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How can you find the equation of a line that lies completely in a set defined by a three variable equation. For instance, the equation of a line entirely in the set defined by $x^2 + y^2 - z^2 = 1$

Supposedly a potential answer is the line defined by $x=1, y=t$, and $z=t$, but I don't understand how one finds that answer.

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I think the meaning might just be that, is there a line that satisfies this equation? – GregRos Jan 15 '13 at 4:43
I think he's asking: given a surface, determine if it's ruled, and give equations for the family of rulings. – user7530 Jan 15 '13 at 4:43
Oops, typed the equation a bit wrong. Fixed it now. I'm asking how I can find a line that lies entirely in the set of values defined by the above equation. Also added a little more detail on what a correct answer looks like. – user58318 Jan 15 '13 at 4:44
In short: if you only care about finding one line, plug the line $\mathbf{q}_0 + t\mathbf{v}_0$ into the surface equation. You will get a quadratic equation in $t$, which must hold for all $t$. Equate the coefficients to $0$ to get an underdetermined system of equation for the position and velocity of the line. Solve for a solution. – user7530 Jan 15 '13 at 4:50
@user58318 Are you able to verify that $x=1, y=t, z=t$ indeed lies in the surface? Because you sound very unsure, and knowing how to verify a solution is the first step to finding one. – Erick Wong Jan 15 '13 at 4:51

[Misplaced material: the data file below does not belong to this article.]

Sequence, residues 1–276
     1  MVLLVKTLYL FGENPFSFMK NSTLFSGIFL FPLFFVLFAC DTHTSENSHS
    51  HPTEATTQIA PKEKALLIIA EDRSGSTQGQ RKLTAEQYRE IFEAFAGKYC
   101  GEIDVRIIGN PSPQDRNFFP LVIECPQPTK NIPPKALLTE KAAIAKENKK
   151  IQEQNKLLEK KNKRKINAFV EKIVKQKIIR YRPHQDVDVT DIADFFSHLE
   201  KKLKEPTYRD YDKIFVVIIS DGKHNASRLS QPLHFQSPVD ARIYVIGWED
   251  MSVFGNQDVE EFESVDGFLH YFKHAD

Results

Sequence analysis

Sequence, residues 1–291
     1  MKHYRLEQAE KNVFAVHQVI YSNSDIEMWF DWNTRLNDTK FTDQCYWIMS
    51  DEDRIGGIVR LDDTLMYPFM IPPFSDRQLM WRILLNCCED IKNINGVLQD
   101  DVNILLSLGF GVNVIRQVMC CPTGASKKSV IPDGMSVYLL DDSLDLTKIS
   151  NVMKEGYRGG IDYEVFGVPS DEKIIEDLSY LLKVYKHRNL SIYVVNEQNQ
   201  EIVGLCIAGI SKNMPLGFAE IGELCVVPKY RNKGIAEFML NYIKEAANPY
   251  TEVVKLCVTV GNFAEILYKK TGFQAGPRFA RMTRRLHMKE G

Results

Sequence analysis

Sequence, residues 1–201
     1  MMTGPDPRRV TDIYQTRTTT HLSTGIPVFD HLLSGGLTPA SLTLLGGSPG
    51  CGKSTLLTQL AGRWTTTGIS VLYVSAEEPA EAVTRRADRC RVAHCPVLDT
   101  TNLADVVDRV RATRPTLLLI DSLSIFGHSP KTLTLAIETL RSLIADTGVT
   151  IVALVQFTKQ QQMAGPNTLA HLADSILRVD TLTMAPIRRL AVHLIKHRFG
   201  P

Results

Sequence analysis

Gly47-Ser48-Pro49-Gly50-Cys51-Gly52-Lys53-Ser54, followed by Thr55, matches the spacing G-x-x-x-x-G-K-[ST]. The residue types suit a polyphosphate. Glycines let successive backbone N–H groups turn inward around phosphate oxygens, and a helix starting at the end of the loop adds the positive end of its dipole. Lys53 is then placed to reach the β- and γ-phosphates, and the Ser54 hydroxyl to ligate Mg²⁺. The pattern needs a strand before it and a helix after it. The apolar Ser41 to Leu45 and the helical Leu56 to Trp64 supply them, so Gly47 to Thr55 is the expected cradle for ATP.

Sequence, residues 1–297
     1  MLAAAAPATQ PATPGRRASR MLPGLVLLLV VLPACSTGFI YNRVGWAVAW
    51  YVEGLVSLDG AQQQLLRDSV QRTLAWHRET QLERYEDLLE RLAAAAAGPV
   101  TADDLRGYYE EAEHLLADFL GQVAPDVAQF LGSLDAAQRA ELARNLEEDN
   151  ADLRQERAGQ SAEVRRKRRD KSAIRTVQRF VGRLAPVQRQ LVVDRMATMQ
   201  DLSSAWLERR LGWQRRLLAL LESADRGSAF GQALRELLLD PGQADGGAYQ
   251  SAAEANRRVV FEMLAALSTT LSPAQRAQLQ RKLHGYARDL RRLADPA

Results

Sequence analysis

up vote 2 down vote accepted

So you have this equation for the surface: $$x^2+y^2-z^2=1.$$

What does that mean? For any point $(a,b,c)$ in $\mathbb{R}^3$, you plug it into the equation, and if you get that $a^2+b^2-c^2=1$, then the point is on the surface. Otherwise, it's not.

Now you want to find a line that's on the surface. Remember that you can represent a line by the expression $L(t)=(q_x,q_y,q_z) + t(v_x,v_y,v_z)$, where the $v$s are not all $0$ (otherwise you get just a single point). Here the $q$s and $v$s are fixed, and $t$ varies from $-\infty$ to $\infty$. Different values of $t$ give you different points on the line. You can think of $(q_x,q_y,q_z)$ as giving you the starting point of the line, and $(v_x,v_y,v_z)$ as the direction of the line.

You want the line to lie on the surface. So you plug it into the surface equation $$(q_x+tv_x)^2 + (q_y+tv_y)^2-(q_z+tv_z)^2=1.$$ Let's expand this out a bit and group like terms of $t$: $$t^2(v_x^2+v_y^2-v_z^2) + t(2q_xv_x+2q_yv_y-2q_zv_z) + (q_x^2+q_y^2-q_z^2) = 1.$$

In order for the line to lie on the surface, this equation must hold for every value of $t$. Since the left half of the equation depends on $t$, and the right half does not, the only way that can be true is if the coefficients in front of the $t$ and $t^2$ are 0. In other words, \begin{align*} v_x^2+v_y^2-v_z^2&=0\\ 2q_xv_x+2q_yv_y-2q_zv_z&=0\\ q_x^2+q_y^2-q_z^2&=1. \end{align*}